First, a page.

How LSU and Wyoming Met in the 1968 Sugar Bowl

The Sugar Bowl, still basking in the glory of 1967's outstanding game, felt it could get one of football's storied names into the 1968 classic.  Army, 5-1 at the time, had indicated an interest in breaking its bowl ban in either the Sugar or the Gator Bowl.  New Orleans would have loved it, even taking into account that Army was more of a curiosity piece than a proven commodity.  Army hadn't beaten a single winning team and lost 10-7 to five times beaten Duke.

If West Point had any such notion, it disappeared as soon as the story came out in the open.  Secretary of the Army Stanley Resor stated officially, "It is concluded that accepting any invitation to play in a postseason game would tend to emphasize football to an extent not consistent with the basic mission of the academy, which is to produce career Army officers."

The host spot would also be hard to fill because Tennessee, the Southeastern Conference champion, let it be known early that its first preference was Miami, and Bear Bryant was guiding his 8-1-1 Alabama team to Dallas for the first time since 1954.

Circumstances pained the Sugar into what was becoming its usual wait-and-see position.  On the second-to-last weekend of the regular season, it was decided that 1) If Ole Miss beat Tennessee, the Rebels would be invited; 2) If Ole Miss lost and Auburn beat Georgia, Auburn would be invited; 3) If both Ole Miss and Auburn lost and North Carolina State beat Clemson, North Carolina State would receive the invitation; 4) If all three lost, Penn State would be considered the visitor; 5) In case Ole Miss lost, an alternate possibility was LSU, then a precarious 4-3-1 but impressive enough in its final two games to merit a bid.  Wyoming, then 9-0-0 and seventh-ranked, but like Army somewhat of a curiosity, couldn't be counted out of the visitor's corner because of its impressive record.  However, the Western Athletic Conference was an unknown quantity, and the Sugar Bowl had not scouted the Cowboys.  The results rolled in: Tennessee 20, Ole Miss 7; Georgia 17, Auburn 0; Clemson 14, N.C. State 6.

Penn State defeated Ohio University 35-14 to save what appeared to be a snakebitten Sugar Saturday.  That night LSU waxed Mississippi State 55-0, and Wyoming completed a person season with a 21-19 edging of Texas Western.  The Sugar jumped at an LSU-Penn State match, but the Nittany Lions wanted to hold off any firm decision until after their game with Pittsburgh the following week.  Sight unseen and reminiscent of the early days, the Cowboys were contacted and asked if they'd be interested.  Wyoming most certainly was.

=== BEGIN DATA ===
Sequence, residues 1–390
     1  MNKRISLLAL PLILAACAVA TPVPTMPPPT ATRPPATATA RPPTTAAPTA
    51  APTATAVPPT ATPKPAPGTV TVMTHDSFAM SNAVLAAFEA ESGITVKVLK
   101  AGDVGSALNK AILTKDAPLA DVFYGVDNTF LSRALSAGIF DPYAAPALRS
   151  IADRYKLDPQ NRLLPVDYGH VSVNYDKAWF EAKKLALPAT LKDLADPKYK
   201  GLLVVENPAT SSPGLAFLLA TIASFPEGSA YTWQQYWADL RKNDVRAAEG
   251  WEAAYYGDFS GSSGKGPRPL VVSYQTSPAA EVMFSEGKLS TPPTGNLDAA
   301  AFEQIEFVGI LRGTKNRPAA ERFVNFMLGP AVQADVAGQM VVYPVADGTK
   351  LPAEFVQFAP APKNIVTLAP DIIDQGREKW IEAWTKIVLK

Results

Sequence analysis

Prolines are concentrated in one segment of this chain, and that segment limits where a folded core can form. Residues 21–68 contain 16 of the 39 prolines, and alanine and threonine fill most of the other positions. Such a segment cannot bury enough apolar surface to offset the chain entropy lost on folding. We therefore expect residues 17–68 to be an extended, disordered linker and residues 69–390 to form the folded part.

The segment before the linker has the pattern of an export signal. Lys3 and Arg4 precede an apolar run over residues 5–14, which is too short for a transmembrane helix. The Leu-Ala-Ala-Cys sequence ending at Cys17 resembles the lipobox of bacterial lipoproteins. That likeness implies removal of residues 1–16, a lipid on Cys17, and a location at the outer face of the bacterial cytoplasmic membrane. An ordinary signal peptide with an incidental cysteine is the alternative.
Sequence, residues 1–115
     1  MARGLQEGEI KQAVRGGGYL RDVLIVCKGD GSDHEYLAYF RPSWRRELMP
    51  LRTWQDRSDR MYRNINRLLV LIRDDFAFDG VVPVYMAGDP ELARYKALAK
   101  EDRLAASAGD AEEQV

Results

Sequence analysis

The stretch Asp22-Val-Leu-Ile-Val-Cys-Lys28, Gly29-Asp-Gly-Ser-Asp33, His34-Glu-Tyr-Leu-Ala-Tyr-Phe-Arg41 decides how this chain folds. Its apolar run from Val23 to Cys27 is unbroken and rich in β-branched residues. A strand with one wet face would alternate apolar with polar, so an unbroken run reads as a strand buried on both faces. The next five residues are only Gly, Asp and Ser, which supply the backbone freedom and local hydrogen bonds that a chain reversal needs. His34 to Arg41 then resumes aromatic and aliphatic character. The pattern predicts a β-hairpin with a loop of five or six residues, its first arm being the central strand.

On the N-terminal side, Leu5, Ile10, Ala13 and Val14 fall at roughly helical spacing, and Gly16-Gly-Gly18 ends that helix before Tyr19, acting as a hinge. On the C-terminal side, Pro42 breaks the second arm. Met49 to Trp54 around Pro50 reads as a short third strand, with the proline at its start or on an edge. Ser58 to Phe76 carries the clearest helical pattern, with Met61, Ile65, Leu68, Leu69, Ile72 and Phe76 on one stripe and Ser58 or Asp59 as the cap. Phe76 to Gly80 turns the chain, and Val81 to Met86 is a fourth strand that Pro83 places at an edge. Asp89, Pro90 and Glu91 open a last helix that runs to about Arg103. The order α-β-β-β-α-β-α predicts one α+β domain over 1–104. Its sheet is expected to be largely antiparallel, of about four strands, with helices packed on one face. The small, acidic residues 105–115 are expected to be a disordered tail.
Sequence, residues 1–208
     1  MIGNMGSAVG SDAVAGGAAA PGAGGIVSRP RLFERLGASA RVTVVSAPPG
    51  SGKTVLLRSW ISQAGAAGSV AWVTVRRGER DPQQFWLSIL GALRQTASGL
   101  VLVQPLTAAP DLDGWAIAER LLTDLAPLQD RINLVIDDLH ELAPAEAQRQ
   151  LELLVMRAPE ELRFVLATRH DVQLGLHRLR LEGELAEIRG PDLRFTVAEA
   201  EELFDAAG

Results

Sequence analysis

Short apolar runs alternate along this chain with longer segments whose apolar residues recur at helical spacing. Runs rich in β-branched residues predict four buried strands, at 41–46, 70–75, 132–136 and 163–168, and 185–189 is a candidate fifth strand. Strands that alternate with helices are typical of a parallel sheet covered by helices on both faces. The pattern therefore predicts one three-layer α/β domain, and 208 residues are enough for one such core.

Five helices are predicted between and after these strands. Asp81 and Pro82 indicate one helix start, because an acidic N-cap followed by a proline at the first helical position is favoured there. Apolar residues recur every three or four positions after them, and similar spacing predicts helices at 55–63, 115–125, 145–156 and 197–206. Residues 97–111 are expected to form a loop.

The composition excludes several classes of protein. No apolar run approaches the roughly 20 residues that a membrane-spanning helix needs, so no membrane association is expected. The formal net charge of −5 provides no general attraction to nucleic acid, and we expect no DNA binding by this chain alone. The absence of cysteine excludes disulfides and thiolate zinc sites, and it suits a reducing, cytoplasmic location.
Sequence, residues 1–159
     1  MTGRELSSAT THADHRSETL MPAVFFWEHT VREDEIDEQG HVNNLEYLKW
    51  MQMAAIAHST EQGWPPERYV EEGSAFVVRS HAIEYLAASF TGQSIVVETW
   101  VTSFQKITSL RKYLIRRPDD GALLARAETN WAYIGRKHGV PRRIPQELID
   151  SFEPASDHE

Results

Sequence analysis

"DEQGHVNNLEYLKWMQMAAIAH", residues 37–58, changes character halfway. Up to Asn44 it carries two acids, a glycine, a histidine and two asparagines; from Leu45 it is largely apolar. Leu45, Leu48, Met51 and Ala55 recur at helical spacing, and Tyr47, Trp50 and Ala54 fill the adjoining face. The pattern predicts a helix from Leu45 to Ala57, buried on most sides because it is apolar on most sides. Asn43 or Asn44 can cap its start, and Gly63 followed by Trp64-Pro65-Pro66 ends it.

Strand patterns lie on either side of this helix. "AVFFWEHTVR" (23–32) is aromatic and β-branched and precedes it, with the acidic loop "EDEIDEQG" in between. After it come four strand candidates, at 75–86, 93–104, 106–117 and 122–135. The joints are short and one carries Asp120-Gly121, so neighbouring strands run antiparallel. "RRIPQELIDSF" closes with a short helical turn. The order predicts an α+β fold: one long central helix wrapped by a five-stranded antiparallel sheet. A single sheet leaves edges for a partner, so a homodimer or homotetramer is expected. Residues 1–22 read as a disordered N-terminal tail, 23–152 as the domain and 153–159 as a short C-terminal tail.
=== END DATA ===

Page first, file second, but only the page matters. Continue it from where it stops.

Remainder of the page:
The Cowboys led the nation in rushing defense (42.3 yards) and total defense (185.2 yards) and was 10th in passing offense (207.7 yards).  It had not lost in 14 consecutive games and was unbeaten in one Gator and three Sun Bowl appearances.  According to one fan, the reaction to the Sugar Bowl invitation by Wyoming's 330,000 inhabitants was, "It's the biggest thing since statehood."

LSU, an old bowl hand, took things as a matter of course.  Despite its 5-3-1 record and unranked standing, LSU was an excellent football team and one that stood only 10 points away from a perfect season.  Each of its losses and the tie could be traced to its placekicking game.  "I've never seen more losses in one season stemming from the place-kick," said Tiger Coach Charlie McClendon.  "If we would have made all our placekicks, we'd be on top."

With only arch-rival Tulane left to play, LSU looked like a shoo-in for a 6-3-1 record.  At the half the Tigers were ahead 28-0.  In the second half Tulane picked up the fight and cut the difference to 34-27 in the fourth quarter.  With Tulane driving for a possible tying or winning touchdown, an ill-looking Sugar Bowl President Sam Corenswet, Jr., forced himself to his feet and told States-Item columnist Peter Finney he was going to search for a place to jump out of the stadium.  "Try the press box window," advised Finney.  "That's high enough so that if they go for two and miss you'll have enough time to pull the rip-cord."

Fortunately for Corenswet, matters didn't come to that.  LSU won, 41-27.

Recap excerpted from the book "Sugar Bowl Classic: A History" by Marty Mulé, who covered the game and the organization for decades for the New Orleans Times-Picayune.

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